All is not lost though, obviously. The headline news is Shell’s $40 billion LNG export project; that sort of dollar value gets everyone’s attention. Of lesser notice was TransCanada’s notice to build a potential 5 billion cubic feet per day pipeline to feed that export terminal and possibly others.
Despite some very weird comments by politicians and other assorted haters, the LNG export project(s) will be beneficial to the environment. BC’s Energy Minister Michelle Mungall, who displayed a stunning sort of ignorance several years ago (“Christy Clark reassures us that moving India and China away from coal-burning facilities to LNG facilities is the cleanest, greenest answer,” Mungall said in 2016. “I can’t believe how ridiculous that is. It’s still a fossil fuel!”) has been miraculously transformed (“We know that if we see success it’s a big part because of our new LNG framework by this government,” said the Energy Minister earlier this week.) into an LNG supporter. Cynics will point out the obvious – that Mungall is simply making political hay, and while that is definitely true, we should not exclude the possibility that she is simply no longer ignorant. That is what we hope for; that politicians and intellectually honest bystanders will expand their vision, and if that has indeed happened we will gladly accept Ms. Mungall into the circle.
Ms. Mungall’s earlier faulty reasoning should be shockingly bare to anyone who can piece together the words, but since it is still espoused by Weaver, the BC Green party leader (I don’t feel like giving him a first name), it is worth commenting on. Abandoning BC’s LNG facility so that BC can meet its emissions targets is nonsensical if building the facility will reduce India/China’s emissions by substantially more, which it certainly will if the LNG replaces coal. if BC’s specific methane molecules don’t replace directly Indian/Chinese coal, which would be Weaver’s most plausible theoretical retort, it doesn’t matter, because the exported LNG will go into the pot of natural gas supplies that are meeting Asia’s increased demand.
So this is all good news for Canada and for the world’s greenhouse gas emissions levels, if not BC’s, but what is more interesting to me is Cenovus’ announcement that it will be shipping 100,000 barrels per day of crude by rail starting sometime in 2019. This is significant for several reasons.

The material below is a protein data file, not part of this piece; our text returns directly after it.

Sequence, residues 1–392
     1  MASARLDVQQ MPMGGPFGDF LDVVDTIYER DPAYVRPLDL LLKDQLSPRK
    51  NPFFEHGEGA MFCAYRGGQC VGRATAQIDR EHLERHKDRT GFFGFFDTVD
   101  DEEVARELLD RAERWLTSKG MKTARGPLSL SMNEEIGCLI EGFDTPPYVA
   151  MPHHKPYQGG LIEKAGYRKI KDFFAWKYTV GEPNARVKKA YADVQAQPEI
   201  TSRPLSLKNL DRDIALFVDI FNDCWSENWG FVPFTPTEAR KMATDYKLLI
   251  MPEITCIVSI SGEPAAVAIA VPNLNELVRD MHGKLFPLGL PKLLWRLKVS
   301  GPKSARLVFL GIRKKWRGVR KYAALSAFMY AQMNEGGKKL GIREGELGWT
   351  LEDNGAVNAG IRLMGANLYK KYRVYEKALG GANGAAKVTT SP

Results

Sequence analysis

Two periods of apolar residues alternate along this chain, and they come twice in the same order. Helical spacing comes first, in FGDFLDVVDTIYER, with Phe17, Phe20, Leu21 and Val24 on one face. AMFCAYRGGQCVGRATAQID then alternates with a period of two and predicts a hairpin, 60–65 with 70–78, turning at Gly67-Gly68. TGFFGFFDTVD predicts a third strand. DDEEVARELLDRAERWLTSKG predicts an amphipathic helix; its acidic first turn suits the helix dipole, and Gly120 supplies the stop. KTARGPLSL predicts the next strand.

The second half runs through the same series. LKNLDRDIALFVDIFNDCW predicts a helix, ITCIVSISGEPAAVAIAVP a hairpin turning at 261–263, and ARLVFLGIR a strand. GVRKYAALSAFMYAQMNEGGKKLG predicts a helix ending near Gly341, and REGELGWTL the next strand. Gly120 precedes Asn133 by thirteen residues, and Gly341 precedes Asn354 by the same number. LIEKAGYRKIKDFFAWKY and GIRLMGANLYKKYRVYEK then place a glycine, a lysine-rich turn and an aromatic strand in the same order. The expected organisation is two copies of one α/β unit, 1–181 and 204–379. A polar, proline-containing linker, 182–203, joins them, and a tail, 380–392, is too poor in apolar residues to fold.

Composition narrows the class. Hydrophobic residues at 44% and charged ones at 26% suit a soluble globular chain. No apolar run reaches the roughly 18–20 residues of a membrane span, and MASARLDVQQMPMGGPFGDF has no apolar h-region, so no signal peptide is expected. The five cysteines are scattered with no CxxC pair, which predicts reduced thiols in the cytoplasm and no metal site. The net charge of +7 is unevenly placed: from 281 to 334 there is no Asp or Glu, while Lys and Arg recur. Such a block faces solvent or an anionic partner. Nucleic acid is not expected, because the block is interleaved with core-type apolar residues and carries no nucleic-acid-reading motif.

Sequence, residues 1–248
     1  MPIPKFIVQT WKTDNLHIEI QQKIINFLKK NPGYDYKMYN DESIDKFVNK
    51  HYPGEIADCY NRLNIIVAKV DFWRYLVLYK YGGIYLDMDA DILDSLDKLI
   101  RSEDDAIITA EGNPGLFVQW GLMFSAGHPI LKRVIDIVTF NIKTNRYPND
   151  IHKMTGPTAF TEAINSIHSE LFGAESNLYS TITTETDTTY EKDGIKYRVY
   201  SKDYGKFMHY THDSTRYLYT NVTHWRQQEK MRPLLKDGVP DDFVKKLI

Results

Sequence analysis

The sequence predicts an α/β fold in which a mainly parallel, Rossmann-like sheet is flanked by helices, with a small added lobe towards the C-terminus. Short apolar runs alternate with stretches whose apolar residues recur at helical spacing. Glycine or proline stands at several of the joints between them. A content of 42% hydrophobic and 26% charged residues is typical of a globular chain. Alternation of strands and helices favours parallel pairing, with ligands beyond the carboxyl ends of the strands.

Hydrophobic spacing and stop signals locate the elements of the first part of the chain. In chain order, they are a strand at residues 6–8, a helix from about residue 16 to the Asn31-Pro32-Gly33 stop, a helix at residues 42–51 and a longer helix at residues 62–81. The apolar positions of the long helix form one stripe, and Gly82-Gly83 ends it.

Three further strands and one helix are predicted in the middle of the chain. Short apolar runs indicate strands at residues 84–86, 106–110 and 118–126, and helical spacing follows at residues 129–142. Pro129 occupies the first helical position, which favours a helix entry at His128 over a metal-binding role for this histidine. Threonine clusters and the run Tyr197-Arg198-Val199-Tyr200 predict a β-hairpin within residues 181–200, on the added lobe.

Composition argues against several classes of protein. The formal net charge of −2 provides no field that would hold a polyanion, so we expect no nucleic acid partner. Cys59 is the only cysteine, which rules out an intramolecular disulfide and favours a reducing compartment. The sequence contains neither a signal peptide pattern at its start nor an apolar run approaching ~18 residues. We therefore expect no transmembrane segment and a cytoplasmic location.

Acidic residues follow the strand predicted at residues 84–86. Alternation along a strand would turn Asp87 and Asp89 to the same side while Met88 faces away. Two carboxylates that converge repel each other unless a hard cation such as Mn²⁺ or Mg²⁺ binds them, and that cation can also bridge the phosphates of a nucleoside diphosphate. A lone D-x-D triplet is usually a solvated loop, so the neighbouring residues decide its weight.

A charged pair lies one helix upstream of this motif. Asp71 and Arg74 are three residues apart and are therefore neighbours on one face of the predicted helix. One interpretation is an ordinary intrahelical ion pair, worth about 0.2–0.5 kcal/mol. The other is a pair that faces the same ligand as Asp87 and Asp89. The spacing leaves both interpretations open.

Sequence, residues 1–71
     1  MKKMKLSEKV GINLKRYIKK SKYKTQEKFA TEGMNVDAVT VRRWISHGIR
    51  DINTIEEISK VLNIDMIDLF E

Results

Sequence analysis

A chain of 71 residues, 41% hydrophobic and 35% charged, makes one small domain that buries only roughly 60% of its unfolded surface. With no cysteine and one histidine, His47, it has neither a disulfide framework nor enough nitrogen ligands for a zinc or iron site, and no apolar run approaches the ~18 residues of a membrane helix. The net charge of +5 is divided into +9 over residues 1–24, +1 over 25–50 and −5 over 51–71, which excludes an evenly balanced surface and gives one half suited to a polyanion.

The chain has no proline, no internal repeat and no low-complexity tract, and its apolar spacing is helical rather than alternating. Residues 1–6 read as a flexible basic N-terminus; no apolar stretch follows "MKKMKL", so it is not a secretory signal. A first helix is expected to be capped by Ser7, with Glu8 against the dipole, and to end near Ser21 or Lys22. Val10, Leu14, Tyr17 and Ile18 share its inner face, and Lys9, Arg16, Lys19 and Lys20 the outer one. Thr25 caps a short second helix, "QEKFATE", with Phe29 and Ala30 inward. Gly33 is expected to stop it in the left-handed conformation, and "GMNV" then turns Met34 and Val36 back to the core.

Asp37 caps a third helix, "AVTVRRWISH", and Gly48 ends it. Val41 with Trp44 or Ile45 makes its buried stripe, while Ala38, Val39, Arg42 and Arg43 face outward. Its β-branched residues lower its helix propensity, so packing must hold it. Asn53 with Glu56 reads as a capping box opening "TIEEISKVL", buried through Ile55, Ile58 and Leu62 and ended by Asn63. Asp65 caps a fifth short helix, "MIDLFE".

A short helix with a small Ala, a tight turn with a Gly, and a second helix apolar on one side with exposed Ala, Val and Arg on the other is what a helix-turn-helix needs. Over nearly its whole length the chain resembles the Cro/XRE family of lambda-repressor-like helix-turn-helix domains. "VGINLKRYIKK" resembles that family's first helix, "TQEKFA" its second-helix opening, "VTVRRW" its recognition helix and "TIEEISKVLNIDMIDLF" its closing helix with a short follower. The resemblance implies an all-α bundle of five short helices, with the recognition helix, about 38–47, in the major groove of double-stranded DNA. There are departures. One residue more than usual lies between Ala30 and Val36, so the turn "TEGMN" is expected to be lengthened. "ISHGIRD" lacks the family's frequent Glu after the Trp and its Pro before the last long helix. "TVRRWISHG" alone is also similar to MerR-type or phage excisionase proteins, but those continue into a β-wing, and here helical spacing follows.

With respect to those blocking infrastructure to prevent climate change, this should be a crystal-clear example of how product will move to the market that wants it, one way or the other, as long as it is physically possible and the cost is bearable. If more pipelines are blockaded, more will move by rail. The cost to move the oil by rail is higher, but is offset by the fact that the bitumen does not need to be 1/3 diluent as is required for a pipeline. Unfortunately it is also a fact that rail cars tend to spill significant quantities more often than pipelines, but pipeline opponents appear to be comfortable with that risk.
Back to the LNG story, as speculated elsewhere the construction of one LNG facility will make the construction of others easier. The natural gas supply pipeline will be able to handle the needs of several. We therefore may actually see the birth of an industry in Canada, the most significant one since bitcoin mining became a pillar of the Canadian economy (if all those trailers full of computers are still there this morning). Cannabis proponents of course will try to get off the couch to argue that their industry will be far more vital, and perhaps it will be, but for now we will work on the assumption that several billion cubic feet per day of natural gas will trump it, somehow.
It was a good week for Canada, let’s hope the momentum remains. It would be a delight to recant my earlier story, which would mean Canada was returning to its former industrious self.